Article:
Bisexuality can be differentiated from pansexuality in that bisexuality is an attraction to two distinct sexes/genders (and one of these attractions can be stronger than the other). Polysexuality is similar to bisexuality and bisexuality can be considered a type of polysexuality. In contrast, pansexuality is an attraction to people regardless of sex or gender, in that attractiveness is not specifically tied to particular sexes or genders. All that being said, we define labels. Labels do not define us. Nobody gets to tell you if you're bi or poly or pan. You chose.

EXPRESSION (masculinity/femininity) 

Masculinity and femininity are social constructs that are falsely attributed to sex and/or gender that is our way of expressing ourselves in a sexual context - i.e. through conforming to traditional 'male' or 'manly' characteristics or traditional 'female' or 'womanly' characteristics. Again, this is not really as connected to sex and gender or even orientation as people like to think - there are the stereotypes of 'masculine' lesbians and 'effeminate' gays but really, that's all just coincidence.

In the end it is important to recognise that these elements of sexuality, sexual orientation and sexual expression are all kind of...independent of each other. We like to think that male, man, masculine and liking women all go together and female, woman, feminine and liking men all go together but the reality is that a lot of people don't fit these binaries - there's nothing wrong with them. There's nothing unusual or unnatural or sinful about them and the sexual activities associated with non-binary relationships.

Yeah. I think that's it. I will be pulling apart a lot of this terminology - especially the orientation ones - and be talking about my own personal experiences, as well as trying to convince people to write shit for me. Until then, stay tuned and stay beautiful!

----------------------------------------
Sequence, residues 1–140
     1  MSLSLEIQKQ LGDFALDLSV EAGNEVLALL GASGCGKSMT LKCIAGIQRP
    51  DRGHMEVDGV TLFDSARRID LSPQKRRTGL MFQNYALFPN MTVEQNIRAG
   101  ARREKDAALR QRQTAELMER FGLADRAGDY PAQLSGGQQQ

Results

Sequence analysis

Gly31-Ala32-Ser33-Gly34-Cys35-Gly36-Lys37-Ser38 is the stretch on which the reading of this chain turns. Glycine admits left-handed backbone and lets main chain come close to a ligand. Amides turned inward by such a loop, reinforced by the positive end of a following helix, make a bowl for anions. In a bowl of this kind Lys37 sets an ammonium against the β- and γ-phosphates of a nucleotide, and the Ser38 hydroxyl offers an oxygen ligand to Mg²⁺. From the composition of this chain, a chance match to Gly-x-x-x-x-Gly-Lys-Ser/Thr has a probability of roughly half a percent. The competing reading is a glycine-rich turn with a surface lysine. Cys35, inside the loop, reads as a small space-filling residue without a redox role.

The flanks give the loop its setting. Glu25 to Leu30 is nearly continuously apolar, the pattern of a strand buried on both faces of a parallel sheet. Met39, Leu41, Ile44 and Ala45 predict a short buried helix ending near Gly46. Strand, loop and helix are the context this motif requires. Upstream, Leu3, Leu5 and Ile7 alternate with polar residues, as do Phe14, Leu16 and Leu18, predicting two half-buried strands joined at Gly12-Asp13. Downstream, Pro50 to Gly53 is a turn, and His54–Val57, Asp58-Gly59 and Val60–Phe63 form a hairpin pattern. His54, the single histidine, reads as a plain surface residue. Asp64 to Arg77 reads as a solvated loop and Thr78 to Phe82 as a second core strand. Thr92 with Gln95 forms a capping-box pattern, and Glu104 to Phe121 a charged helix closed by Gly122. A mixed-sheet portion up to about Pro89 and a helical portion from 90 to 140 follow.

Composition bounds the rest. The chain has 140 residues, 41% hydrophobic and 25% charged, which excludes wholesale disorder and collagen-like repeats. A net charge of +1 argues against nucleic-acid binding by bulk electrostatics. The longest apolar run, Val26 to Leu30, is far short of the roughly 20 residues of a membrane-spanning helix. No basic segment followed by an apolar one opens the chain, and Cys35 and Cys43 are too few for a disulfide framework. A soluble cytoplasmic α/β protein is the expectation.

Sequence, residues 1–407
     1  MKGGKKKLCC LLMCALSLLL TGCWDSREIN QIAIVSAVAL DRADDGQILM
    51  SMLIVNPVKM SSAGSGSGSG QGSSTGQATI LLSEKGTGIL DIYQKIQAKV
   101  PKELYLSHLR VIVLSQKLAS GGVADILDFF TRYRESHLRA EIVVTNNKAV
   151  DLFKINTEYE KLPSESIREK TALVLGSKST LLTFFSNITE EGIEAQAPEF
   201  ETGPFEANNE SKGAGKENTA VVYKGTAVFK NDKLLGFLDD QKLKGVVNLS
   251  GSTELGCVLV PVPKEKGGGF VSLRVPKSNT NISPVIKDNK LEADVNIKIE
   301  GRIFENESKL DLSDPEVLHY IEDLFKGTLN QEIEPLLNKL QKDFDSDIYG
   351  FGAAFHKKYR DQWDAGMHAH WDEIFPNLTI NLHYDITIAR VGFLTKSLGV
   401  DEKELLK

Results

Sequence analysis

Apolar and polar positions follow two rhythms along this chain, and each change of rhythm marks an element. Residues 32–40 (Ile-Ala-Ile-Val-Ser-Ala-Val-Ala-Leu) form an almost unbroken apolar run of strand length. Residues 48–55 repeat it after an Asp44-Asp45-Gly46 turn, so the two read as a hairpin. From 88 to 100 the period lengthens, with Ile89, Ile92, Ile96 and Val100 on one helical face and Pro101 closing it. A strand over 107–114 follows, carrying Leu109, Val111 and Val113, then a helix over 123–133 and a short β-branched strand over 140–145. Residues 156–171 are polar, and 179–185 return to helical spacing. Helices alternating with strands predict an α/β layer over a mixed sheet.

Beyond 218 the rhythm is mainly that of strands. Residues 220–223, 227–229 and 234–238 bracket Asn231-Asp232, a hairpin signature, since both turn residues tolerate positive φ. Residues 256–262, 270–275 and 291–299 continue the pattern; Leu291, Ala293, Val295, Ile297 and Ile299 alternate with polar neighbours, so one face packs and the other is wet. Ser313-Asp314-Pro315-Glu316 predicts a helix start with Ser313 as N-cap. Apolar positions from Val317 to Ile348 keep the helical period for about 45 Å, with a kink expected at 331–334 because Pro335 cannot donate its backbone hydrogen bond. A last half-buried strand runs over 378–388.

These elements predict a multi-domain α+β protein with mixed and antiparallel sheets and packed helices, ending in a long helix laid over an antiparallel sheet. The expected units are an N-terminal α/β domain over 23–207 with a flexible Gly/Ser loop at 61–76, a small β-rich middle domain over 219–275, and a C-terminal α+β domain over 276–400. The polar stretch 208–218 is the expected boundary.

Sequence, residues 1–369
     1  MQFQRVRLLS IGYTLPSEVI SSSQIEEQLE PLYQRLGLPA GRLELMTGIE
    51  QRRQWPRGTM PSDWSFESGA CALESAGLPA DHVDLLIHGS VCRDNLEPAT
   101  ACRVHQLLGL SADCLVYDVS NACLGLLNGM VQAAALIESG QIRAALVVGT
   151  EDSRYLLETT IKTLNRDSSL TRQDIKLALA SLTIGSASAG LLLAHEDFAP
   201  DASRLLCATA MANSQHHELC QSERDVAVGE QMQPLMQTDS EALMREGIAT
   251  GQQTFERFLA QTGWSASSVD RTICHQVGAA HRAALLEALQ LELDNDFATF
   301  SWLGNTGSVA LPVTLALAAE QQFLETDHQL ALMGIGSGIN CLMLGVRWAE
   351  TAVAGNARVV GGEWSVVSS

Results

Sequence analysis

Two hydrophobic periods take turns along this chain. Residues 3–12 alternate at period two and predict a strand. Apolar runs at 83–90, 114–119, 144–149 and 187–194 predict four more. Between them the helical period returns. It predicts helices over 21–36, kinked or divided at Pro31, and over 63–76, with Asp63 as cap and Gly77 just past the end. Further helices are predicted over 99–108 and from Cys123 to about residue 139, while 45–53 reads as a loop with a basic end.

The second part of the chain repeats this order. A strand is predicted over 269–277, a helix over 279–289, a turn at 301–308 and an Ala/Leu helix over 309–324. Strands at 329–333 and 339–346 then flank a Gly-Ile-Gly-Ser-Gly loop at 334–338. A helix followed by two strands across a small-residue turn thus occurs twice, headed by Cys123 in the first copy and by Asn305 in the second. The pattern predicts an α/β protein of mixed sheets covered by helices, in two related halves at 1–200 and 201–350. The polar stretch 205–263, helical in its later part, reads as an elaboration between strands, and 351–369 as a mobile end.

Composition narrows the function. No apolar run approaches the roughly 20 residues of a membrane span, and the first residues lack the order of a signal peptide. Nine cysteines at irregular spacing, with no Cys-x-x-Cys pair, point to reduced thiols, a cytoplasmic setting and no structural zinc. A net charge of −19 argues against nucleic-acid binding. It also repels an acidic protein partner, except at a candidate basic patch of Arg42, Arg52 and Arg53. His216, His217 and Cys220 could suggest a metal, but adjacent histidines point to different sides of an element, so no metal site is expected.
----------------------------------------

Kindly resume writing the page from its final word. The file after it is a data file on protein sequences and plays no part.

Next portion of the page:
Monday, June 24, 2013

speak now #5: consent, morality & safety

Now Playing: How to Save a Life by The Fray (lay down a list of what is wrong, the things you've told him all along and pray to God he hears you) 

Sooo...what is sex positivity?

Sex positivity is a new way of looking at sexuality and sexual behaviour - with the emphasis not on 'morality' (i.e. stone-age logic and patriarchal, homophobic bullshit) but on consent. It is the promotion of sexual education and knowledge with the message that any sexual behaviour that is safe and consensual is FINE. OKAY. SERIOUSLY. DO IT. HAVE FUN. Sex positivity is also the acceptance of all people regardless of anatomy, identity, expression and orientation, and the recognition that sexuality isn't binary, that all dichotomies are false dichotomies, and there is nothing immoral or sinful about...being human, really.


Consent is the free and informed decision to participate in any sexual activity, with the right to withdraw that consent at any time. Consent, also known as 'enthusiastic consent' doesn't mean that there was no 'no' - it means that there was a 'yes'. Instead of looking to religious texts or outdated social norms about what is and isn't okay when it comes to expressing sexuality, the sex positive movement encourages consent to be the moral guideline for sexual behaviour.

Examples of Consent:

A lot of people claim that legalising gay marriage will lead to a 'slippery slope' that will end up with people marrying multiple people, their relatives, animals...etc. This is because our sex negative society fails to see the importance of consent in the context of sexuality, and the irrelevance of religiously-imposed morality and social convention on the private activities of freely-consenting adults. Bestiality and incest will never be endorsed by the sex positive movement not only because, you know...the scientific evidence that suggets that might be a bad idea - but because incestuous relationships can often involve pressure from people in positions of authority and animals can't give consent. Legalising gay marriage and encouraging sex positivity will lead to nothing but a lot of happy gays and a massive reduction in unwanted pregnancies and diseases.

The sex positive movement is opposed to polygyny and child brides because in the cultures that encourage these marital practices there is often resistance from either party, especially from the bride. Resistance to marriage and forced arranged marriage is not consent. Sexual activity within unwanted marriages constitutes marital rape. 

Although there is some dispute as to whether current ages of consent in some parts of the world are realistic reflections of sexual development, the sex positive movement opposes children engaging in sexual activity, especially with adults. Children cannot give consent to sexual activity.